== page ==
Jjimjilbangs are probably instantly recognisable to anyone that has watched Korean dramas or variety shows. Need a place to stay overnight? A jjimjilbang can be a good place to keep warm and relax for a day or two. Need to destress with some spa treatments. Jjimjilbangs have a good few options whilst still being affordable. Known simply as Korean bathhouses, they’re not something you would see at all in the west. But they’re very common in Korea and for many, they wouldn’t be without them.

Visiting these spas is actually a pretty recent development. Before jjimjilbang style retreats, Korea had traditional kiln-fired saunas known as hanjeung. In the early 20th century, Japanese influence inspired more public bath house, called mogyoktang, to start appearing. It wasn’t until the 1990’s that elements of a western style spa, such as the massages and entertainment on offer, were added to these more traditional bathhouses, creating what people recognise as a jjimjilbang today.

The most convenient thing about jjimjilbangs is that the majority are open 24 hours a day. This means that anyone can enter at any time and stay for as long as they want, provided they pay. The fee isn’t large considering the amount you receive on one stay. At around 8-12,000 won (around £5-£8) it’s a relatively cheap way to get some rest, whether that’s through staying overnight or from using the spa facilities. These can range from hot tubs and traditional baths, to massage tables and Korean kiln saunas. Don’t worry; as soon as you enter a jjimjilbang, you are separated by gender, save for in the communal meeting areas. So if you’re a little self-conscious about stripping down around other people, that should make the experience a little less awkward. You’ll also be given your own set of clothes to wear around the spa, usually just a t-shirt and shorts so you can feel completely comfortable and clean. A locker is given upon arrival to keep all your belonging safe too.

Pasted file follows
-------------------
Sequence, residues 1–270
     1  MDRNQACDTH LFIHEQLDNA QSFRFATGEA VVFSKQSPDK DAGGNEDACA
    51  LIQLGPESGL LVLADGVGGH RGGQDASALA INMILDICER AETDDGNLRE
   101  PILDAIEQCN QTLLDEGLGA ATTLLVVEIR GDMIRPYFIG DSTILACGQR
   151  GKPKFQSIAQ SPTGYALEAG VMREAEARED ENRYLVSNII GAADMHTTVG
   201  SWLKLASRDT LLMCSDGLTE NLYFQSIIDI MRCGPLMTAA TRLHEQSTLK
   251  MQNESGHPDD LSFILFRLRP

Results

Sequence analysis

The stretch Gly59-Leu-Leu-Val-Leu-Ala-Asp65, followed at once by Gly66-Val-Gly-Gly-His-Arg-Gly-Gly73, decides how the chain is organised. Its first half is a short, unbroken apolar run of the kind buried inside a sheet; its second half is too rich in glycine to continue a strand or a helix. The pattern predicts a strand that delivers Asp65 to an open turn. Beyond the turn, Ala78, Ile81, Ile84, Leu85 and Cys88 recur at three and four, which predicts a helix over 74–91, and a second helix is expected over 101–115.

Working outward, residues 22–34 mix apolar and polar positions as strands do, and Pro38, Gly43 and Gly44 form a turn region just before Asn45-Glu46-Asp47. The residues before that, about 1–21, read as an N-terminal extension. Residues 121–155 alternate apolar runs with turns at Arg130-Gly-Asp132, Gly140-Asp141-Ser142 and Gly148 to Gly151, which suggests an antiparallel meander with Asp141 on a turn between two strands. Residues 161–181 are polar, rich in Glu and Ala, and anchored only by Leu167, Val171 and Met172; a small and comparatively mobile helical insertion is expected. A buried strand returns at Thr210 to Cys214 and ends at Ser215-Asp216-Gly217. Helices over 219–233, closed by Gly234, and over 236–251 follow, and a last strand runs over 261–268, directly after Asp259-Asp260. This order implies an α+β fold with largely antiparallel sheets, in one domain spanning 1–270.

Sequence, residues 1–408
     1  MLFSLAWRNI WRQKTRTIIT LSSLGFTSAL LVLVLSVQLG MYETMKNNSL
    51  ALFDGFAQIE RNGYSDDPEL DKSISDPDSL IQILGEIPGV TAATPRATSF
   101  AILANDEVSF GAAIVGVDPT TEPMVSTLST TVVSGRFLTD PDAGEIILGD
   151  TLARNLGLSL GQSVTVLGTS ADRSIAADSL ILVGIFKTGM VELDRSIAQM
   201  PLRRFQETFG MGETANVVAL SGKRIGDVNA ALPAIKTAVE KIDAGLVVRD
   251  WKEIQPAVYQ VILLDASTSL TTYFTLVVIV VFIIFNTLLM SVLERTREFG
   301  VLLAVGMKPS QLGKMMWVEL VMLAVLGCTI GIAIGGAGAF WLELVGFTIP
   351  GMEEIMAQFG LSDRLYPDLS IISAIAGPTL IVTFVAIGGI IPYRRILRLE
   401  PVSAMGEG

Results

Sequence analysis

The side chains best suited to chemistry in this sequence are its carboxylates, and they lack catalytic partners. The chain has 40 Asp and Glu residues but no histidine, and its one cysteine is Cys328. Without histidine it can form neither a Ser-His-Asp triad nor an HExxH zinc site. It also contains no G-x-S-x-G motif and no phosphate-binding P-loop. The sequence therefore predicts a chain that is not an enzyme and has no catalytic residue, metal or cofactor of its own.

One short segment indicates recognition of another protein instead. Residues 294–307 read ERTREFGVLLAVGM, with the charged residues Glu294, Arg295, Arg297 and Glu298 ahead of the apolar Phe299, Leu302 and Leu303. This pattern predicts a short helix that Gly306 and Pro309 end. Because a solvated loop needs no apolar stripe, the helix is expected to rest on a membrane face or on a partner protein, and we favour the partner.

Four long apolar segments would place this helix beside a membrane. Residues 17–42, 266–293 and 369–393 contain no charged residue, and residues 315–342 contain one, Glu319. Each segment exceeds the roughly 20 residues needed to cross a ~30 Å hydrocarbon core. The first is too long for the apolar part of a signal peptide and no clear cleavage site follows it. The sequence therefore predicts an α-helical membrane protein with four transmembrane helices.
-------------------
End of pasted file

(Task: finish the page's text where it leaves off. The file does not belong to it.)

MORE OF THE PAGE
There are not just spa facilities to be found either. The main relaxing areas, often wide open rooms with heated ‘ondal’ flooring, are also separated by gender and can be themed too. If sleeping with too many people here isn’t your thing, there are usually bunk rooms to find too.  Some rooms are warmer, others cooler, so you can choose where to go to suit the temperature you prefer. There’s also plenty of entertainment areas to be found. This, of course, ranges from place to place, but most have PC rooms, TV’s in the main areas, snack bars, or even noraebangs.

Food served can range from light snacks to items from a menu at a fully fledged restaurant. The prices for these foods are kept relatively cheap, though they are often an additional expense. Many will offer jiggaes and other simple yet filling Korean meals, ramyeon, or deserts like patbingsu. There’s almost always coffee and tea available as well.

You could lounge a few days away at a jjimjilbang quite easily – maybe even try tying your towel on your head in the way that many Koreans do when roaming around the spa. However you decide to spend your time inside, it’s certain you’ll leave feeling more relaxed than ever.

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